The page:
• To offer a truly omnichannel customer experience you need to start with a platform approach to unify conversations across channels.
    • Your platform should be open, flexible, and powered by connected customer data.
    • Customers want proactive and personalized engagement (read our latest personalization e-book).
  • Artificial Intelligence (AI)—From a “new trend” to application for high ROI
    • AI can help employees offer a better customer experience but there is still a reluctance to turn AI loose on customer interactions (bots being the exception).
    • For the best teams, AI is already driving great experiences.
  • Culture—Happy agents make happy customers
    • The right culture and tools are critical ingredients for success.

One of the more interesting breakout presentations of the day came from the VP of Customer Experience for Cabify. Cabify, a mobility as a service (MaaS) company founded in Madrid, Spain, is the first Spanish “unicorn” (a start-up with a valuation over $1 billion). It offers an Uber-like service in 12 countries, involving cars, scooters—you name it. Offering a great customer experience is its key differentiator for winning and beating other companies in the space.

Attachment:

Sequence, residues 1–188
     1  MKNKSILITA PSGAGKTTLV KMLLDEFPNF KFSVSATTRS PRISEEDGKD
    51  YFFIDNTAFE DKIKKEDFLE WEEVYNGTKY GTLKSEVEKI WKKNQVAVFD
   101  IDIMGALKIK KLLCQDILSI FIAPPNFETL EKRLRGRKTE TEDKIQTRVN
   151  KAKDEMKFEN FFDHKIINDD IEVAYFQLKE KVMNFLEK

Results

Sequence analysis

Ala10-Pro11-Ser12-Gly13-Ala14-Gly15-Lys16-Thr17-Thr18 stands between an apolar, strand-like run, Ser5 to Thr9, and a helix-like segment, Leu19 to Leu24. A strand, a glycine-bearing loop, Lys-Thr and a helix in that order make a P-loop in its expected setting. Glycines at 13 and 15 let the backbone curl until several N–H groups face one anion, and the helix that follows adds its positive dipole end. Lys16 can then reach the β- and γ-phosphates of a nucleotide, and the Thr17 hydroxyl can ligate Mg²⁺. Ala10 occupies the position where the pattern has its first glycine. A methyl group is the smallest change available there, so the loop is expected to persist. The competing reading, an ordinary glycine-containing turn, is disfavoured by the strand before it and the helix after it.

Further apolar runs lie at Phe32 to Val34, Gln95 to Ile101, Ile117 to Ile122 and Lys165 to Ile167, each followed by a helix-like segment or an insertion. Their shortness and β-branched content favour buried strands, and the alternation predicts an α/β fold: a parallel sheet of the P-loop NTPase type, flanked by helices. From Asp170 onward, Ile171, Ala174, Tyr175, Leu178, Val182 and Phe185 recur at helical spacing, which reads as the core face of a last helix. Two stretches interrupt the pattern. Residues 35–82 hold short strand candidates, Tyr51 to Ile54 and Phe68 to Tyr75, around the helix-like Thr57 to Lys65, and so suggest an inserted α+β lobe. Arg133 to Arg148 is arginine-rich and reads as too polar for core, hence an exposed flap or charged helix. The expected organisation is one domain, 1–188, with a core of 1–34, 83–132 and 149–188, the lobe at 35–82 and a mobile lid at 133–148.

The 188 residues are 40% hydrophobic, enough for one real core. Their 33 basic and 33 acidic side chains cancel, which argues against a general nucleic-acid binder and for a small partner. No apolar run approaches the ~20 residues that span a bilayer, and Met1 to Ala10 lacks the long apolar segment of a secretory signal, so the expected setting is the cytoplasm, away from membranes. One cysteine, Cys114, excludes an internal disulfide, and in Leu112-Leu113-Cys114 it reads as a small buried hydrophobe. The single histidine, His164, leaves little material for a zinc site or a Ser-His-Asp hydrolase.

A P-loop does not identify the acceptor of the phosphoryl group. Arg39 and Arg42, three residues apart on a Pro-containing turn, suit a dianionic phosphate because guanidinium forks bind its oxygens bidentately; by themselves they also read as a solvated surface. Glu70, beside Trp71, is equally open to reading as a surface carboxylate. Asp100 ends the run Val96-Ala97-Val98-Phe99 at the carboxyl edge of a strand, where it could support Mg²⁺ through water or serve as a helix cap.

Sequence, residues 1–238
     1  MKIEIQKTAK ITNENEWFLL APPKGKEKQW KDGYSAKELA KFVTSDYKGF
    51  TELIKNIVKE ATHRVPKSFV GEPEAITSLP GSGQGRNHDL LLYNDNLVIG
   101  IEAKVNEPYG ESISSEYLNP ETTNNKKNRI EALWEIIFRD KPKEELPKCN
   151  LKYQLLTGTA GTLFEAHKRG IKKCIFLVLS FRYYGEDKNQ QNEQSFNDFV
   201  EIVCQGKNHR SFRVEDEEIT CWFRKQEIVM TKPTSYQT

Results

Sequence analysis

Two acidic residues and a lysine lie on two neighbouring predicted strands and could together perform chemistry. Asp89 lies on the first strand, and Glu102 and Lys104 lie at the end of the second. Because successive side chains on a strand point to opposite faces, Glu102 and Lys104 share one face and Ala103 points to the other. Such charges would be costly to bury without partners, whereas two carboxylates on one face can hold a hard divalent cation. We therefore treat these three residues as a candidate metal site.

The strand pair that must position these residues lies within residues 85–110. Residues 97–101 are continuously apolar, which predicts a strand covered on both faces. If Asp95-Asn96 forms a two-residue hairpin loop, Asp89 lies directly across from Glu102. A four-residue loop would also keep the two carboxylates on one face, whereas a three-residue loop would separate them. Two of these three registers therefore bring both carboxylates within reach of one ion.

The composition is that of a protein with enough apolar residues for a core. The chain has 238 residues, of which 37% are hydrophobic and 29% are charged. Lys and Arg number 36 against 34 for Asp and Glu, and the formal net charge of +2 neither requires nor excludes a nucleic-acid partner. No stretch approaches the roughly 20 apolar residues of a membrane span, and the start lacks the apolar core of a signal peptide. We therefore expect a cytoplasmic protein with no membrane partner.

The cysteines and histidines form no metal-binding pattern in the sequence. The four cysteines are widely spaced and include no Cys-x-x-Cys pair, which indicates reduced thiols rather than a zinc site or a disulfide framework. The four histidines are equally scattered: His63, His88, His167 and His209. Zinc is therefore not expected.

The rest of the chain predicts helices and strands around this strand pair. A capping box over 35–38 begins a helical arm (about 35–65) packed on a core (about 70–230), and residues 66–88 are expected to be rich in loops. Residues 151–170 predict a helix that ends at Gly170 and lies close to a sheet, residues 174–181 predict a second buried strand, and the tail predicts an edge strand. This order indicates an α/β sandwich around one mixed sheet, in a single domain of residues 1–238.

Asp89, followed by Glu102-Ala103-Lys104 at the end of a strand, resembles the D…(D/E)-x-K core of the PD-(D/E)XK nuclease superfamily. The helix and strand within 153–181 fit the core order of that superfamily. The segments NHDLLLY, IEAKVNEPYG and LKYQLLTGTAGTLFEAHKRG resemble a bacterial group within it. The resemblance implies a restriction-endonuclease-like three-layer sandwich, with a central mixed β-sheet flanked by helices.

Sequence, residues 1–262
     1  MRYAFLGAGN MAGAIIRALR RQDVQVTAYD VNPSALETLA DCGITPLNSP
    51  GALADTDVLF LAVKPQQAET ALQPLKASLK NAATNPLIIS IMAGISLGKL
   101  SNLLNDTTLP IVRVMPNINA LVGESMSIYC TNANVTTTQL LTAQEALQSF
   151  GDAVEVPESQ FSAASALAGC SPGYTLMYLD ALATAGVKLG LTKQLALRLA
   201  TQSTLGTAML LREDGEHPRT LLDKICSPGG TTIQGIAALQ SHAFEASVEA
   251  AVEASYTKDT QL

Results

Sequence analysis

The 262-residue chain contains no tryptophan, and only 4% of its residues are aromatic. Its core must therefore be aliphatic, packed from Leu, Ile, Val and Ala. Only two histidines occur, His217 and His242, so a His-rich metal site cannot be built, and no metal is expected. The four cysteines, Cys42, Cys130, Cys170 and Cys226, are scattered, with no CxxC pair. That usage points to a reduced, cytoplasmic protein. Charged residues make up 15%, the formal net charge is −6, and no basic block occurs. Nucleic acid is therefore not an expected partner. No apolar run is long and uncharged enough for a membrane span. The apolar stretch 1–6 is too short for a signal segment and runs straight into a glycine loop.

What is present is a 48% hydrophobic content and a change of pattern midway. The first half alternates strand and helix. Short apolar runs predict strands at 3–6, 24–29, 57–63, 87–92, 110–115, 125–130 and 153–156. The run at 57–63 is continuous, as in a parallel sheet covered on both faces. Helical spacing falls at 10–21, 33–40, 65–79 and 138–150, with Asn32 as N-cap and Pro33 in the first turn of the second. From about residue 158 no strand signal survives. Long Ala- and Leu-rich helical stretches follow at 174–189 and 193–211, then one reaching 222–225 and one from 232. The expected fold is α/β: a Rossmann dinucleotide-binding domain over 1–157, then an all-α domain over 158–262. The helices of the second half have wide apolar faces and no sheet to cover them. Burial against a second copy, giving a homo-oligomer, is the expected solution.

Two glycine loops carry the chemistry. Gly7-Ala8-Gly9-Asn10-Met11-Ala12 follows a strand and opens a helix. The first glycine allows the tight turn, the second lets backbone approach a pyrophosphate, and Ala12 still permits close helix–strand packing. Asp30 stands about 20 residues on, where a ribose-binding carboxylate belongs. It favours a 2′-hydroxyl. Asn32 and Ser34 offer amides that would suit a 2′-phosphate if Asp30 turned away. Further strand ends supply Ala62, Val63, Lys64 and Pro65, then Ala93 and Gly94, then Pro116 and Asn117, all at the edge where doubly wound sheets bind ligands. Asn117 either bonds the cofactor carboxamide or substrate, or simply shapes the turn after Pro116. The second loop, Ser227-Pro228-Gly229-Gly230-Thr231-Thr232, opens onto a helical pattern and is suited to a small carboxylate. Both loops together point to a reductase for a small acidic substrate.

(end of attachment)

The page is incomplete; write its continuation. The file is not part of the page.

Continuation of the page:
Later in the day, there were numerous Interactive Discussion Groups on topics, such as revamping omnichannel metrics, delivering customer service with AI, and contact center cultural transformation. Bright Pattern moderated three different groups with companies, including Vodafone, Cabify, Burberry, Staples, Hugo Boss, Nike, Medtronic, Toyota, and Air France, where we discussed “Translating Customer Analytics into Customer Intelligence.”

Some of the brainstorming ideas included:

  • Use real-time customer data to identify customers and route them to specialized agents for help—in the case of an Irish healthcare provider, we discussed routing someone to their “healthcare concierge.”
  • Capture poor interactions through customer data points with sentiment (via AI) or simple Voice of the Customer surveys. When metrics fall below thresholds, route them immediately to a person with the skill set to fix the interaction before the customer is lost.
  • Make sure customer preferences and journey history information is easily available to agents helping customers—this allows for a more personalized customer experience.